Anyone Else Notice The Leaves Are Already Falling?
Our Big Dog Rodney is happier these days.
The weather has been cooler here in my corner of West Virginia. We've even gotten a little bit of rain. Before I know it, Rodney's fur coat will start making much better sense and I'll be able to take him all the way around the neighborhood without giving him (and me) heat stroke.
For much of August, Rodney has spent his days camped atop the air conditioning vent in our bedroom, venturing outside only in the mornings and evenings when my wife collects him for a walk. I generally take him in the afternoon, but August has been so brutal, our walks are limited to what amounts to a quick trip to the porta potty.
Rodney would much rather occupy his time engaging in barking matches with the neighbor dog on the other side of the backyard fence. Or outside standing sentinel as evening approaches, keeping an anxious eye out for my wife's arrival back home from work. He's never happier than when he's with my wife. Those two are joined at the hip.
The weather this month has not been friendly to Rodney's usual pursuits. Until now, the heat and humidity have simply been too overwhelming, forcing him to seek the cooling comfort of his preferred AC vent.
I don't blame him. After all, he wears winter clothes year-round. It's not like he can what I do when the weather calls for it, strip down to cargo shorts and Crocs. And even if he could, my wife would likely roll her eyes at him, too.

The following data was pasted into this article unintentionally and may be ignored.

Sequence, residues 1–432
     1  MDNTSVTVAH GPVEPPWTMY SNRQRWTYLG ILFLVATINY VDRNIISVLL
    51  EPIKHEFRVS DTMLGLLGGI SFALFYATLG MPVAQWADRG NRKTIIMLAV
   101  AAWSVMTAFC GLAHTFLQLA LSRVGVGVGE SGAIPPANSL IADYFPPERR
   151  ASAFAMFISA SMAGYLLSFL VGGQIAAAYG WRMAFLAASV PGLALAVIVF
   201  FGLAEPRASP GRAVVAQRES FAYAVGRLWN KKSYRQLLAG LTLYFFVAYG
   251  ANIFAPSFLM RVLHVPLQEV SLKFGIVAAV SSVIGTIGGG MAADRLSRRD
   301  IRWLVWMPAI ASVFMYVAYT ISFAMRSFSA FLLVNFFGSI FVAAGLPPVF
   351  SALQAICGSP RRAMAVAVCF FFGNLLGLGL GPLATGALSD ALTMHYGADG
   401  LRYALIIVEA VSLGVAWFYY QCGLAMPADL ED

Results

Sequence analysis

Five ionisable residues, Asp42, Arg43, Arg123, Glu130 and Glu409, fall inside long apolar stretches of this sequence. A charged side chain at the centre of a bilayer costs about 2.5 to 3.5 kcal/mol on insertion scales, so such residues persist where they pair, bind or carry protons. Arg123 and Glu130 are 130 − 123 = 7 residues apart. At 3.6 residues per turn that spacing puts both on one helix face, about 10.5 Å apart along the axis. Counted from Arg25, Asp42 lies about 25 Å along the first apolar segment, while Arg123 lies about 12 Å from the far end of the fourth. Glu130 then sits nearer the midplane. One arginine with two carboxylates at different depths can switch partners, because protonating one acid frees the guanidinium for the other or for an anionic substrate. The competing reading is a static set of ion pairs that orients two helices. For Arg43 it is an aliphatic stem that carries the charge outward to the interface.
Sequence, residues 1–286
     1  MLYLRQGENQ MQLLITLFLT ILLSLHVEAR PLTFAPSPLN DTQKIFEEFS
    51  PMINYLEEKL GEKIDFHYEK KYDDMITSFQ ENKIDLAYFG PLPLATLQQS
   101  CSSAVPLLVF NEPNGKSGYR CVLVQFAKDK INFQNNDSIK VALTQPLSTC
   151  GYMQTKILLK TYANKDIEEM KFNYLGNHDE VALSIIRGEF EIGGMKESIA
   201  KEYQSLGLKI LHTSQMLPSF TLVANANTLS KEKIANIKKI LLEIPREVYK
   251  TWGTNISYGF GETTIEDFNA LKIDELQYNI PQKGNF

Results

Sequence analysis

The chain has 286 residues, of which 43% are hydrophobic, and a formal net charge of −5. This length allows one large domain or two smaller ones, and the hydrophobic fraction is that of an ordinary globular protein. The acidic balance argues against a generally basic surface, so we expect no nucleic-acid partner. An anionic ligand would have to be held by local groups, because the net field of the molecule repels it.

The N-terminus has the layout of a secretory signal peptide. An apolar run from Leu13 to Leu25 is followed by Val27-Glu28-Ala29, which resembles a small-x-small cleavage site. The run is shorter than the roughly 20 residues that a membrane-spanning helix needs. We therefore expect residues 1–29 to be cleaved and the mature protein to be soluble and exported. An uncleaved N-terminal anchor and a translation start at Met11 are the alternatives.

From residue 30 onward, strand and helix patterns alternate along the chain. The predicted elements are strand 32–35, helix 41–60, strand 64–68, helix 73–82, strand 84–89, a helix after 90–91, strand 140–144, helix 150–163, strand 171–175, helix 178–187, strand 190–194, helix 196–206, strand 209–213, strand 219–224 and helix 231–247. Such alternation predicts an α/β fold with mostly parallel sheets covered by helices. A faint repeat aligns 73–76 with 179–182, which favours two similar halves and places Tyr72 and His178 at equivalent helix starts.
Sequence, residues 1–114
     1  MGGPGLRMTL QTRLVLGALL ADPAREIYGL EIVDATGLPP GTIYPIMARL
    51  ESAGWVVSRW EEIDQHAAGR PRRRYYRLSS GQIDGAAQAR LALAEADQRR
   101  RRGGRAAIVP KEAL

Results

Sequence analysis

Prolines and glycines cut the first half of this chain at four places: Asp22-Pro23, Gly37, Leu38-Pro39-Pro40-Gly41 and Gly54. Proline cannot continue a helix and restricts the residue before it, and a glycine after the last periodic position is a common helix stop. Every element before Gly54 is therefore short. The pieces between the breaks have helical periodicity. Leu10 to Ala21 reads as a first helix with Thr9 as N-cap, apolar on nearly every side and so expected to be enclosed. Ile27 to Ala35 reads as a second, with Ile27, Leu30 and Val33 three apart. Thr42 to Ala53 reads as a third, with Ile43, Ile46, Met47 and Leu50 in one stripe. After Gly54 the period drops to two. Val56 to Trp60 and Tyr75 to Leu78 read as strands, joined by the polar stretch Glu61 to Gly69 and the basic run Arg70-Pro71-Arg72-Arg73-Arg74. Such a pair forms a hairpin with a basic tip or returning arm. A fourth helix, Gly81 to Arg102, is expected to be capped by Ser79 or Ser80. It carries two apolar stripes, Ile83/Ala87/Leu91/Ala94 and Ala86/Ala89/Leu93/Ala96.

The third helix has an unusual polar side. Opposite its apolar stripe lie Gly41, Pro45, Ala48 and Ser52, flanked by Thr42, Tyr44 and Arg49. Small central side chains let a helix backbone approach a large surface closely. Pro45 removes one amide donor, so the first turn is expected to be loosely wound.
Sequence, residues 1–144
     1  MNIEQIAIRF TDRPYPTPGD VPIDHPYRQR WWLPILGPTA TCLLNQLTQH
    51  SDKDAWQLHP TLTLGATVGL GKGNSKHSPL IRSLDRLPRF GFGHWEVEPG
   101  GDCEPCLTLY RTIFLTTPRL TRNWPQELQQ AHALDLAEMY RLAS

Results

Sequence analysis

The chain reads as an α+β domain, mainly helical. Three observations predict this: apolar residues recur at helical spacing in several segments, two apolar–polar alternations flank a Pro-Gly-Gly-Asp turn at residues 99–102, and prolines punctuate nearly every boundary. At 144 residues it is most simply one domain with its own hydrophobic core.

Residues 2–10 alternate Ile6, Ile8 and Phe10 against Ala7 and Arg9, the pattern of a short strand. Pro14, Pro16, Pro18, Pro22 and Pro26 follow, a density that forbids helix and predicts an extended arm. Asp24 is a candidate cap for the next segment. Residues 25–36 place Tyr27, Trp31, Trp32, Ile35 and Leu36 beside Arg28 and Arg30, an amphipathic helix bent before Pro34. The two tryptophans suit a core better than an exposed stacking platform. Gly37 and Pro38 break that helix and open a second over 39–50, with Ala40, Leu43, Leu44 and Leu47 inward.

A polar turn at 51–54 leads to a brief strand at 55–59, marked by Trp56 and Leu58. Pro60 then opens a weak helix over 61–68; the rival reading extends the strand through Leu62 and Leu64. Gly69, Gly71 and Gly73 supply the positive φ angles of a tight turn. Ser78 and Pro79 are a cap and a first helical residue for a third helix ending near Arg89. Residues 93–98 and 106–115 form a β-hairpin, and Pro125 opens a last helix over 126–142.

Such is the devotion of a dog that he would happily change back and suffer his usual duds if it meant pleasing her.
But where Rodney is able to at least find a measure of relief through the magic of air conditioning, the neighborhood trees are another story. They have no such luxury to retreat to when the thermometer approaches 100 degrees and the humidity makes going outside a sticky, sweaty trial.
It is their lot in life to endure.
I've lately been somewhat concerned about the trees. Some of them are showing signs of stress. They are already starting to lose their leaves.
From my perch on the stoop in front of my house, the toll of August's blistering heat combined with very little rain is evident. It's not even autumn yet and already, brown, dried up leaves lay strewn about my neighbor's yard. And the trees themselves look ... droopy.
The cooler weather seems likely to help.
But if the trees are to recover from their August doldrums before the leaf-falling season really begins, we're going to need a lot more rain.